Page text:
Equality and Diversity – what does this really mean?
This phrase, ‘Equality and Diversity’ is used daily in organisations and yet perhaps not fully understood or implemented. It’s not always clear what the difference is or how you can help to make positive changes. In our leadership and management roles it’s essential that we’re clear and know how to improve future working practices.
What’s the difference between Equality and Diversity?
Equality of opportunity is about ensuring everybody has an equal chance to take up opportunities and also to make full use of the opportunities on offer and to fulfil their potential.
Diversity is about celebrating and valuing how different we all are. This is strongly linked with promoting human rights and freedoms, based on principles such as dignity and respect. Diversity is about valuing and taking account of people’s different backgrounds. It’s important to then encourage and use those differences to create a productive and effective workforce.
So how are we doing? – here are some (not so good) examples
- Gender – We still have a way to go. Women in the UK, Iceland, France and Cyprus, will work for nothing during November and December. This is due to the gender pay gap.
- Maternity – Recent research reports that 77% of pregnant women and new mothers (some 390,000 women) reported negative or discriminatory experiences at work. (EHRC and BIS). Research from Citizens Advice also shows a 60% rise in maternity related discrimination in this last year.
- Age – The CIPD reported that in the UK we have 9.4 million people in employment over the age of 50, equivalent to over 30% of the workforce. ‘Many industries have a poor record on retaining older workers. There is a large drop-off in the number of workers between the ages of 45–49 and 60–64. In particular, finance, public administration and ICT all see a drop of greater than 60% between the number of workers they employ in their late forties and in their late sixties. Such falls suggest that these sectors are not doing enough to support longer working lives. They will likely be hampered by the loss of skilled and experienced staff.’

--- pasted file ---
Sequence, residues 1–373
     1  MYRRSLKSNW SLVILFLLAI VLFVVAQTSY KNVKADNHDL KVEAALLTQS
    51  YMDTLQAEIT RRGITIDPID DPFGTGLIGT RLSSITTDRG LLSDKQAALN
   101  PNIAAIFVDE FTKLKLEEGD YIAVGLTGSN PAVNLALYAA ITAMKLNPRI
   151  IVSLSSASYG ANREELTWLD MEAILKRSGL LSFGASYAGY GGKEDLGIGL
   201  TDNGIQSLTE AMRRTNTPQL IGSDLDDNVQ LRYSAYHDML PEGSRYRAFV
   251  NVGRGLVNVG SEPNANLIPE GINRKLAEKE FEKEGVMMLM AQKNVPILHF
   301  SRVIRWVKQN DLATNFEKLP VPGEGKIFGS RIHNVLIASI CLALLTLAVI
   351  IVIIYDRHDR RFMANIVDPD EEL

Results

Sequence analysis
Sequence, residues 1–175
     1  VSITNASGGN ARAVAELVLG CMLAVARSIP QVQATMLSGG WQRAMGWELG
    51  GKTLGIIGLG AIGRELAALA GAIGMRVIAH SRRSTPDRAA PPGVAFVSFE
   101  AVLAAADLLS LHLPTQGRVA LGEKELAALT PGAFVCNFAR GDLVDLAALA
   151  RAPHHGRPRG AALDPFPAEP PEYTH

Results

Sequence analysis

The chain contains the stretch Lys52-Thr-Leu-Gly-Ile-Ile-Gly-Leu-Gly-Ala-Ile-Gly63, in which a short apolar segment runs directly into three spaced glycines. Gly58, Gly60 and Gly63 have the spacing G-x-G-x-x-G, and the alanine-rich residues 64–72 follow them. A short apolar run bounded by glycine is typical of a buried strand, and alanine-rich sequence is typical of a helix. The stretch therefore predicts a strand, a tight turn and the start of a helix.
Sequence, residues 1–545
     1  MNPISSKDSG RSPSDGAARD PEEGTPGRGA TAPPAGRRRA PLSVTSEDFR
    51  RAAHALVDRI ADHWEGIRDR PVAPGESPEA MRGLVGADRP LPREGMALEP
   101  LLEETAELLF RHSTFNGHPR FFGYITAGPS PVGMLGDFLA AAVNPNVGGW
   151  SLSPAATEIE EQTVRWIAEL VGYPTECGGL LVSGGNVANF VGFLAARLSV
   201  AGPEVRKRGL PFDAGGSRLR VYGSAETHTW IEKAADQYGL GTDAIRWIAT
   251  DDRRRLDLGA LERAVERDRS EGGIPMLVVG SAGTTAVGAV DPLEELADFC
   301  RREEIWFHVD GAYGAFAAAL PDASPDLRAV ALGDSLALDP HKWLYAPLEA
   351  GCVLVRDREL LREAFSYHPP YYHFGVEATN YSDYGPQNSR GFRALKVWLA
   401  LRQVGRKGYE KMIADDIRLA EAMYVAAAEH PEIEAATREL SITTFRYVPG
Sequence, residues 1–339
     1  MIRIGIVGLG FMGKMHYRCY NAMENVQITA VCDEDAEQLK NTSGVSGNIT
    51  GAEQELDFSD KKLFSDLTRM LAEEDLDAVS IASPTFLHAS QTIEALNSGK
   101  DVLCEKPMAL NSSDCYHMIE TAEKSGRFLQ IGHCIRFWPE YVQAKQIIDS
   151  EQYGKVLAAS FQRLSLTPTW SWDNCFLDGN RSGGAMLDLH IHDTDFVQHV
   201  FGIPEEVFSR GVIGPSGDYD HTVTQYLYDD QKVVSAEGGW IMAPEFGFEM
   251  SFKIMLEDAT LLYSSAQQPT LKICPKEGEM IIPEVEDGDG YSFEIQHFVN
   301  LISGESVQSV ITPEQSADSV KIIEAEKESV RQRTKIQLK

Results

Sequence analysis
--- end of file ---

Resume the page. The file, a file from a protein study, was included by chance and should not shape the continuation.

- Disability – An employment tribunal recently ordered a York School to pay £180,000 to an ex-teacher for disability discrimination and not making reasonable adjustments.
Why should we care?
We should care because it’s the law and mistakes can be costly! However there are many other reasons. The Department for Business Innovation and Skills has produced a report on the Business Case for Equality and Diversity. (https://www.gov.uk/government/publications/the-business-case-for-equality-and-diversity-a-survey-of-the-academic-literature). which includes potential advantages. For example, having staff with roots in other countries and cultures can help a firm build relations with a wider range of customers. This means they can market its products or services more appropriately and sensitively. Enhancing its brand reputation is a driver for some companies. This helps to widen the possible pool of applicants so the best candidate is selected for the job and retention of current staff is improved as employees are proud of their place of work.
What can we do?
Legislation (such as the Equality Act, 2010) and future Legislative changes (Gender pay gap reporting – commencing April 2017) will force organisations to take action. Outside of legislation, there’s a lot that we as Managers, Leaders and HR can do to help.
- The shift towards part-time and self-employment is continuing. Practices will need to be introduced which match the changing demands of the employee with the business needs.
- This shift will extend throughout the older workforce. The growing number of older consumers will also shift the demand for future products and services. This could lead to new areas of business development. So businesses need to keep investing in training, development and performance management. Training should be offered, regardless of age, however it has been reported that the older workforce are often overlooked, or not encouraged to take part. Training opportunities for employees of all ages is vital in ensuring they continue to feel motivated and challenged in their role.
- Improving the capability of Line Managers. The challenges a Line Manager will face due to managing the needs of a diverse workforce will continue to build and so training should be offered for this too. Improving line managers’ people skills was among the top three steps taken to improve staff retention as reported in a 2015 CIPD survey.
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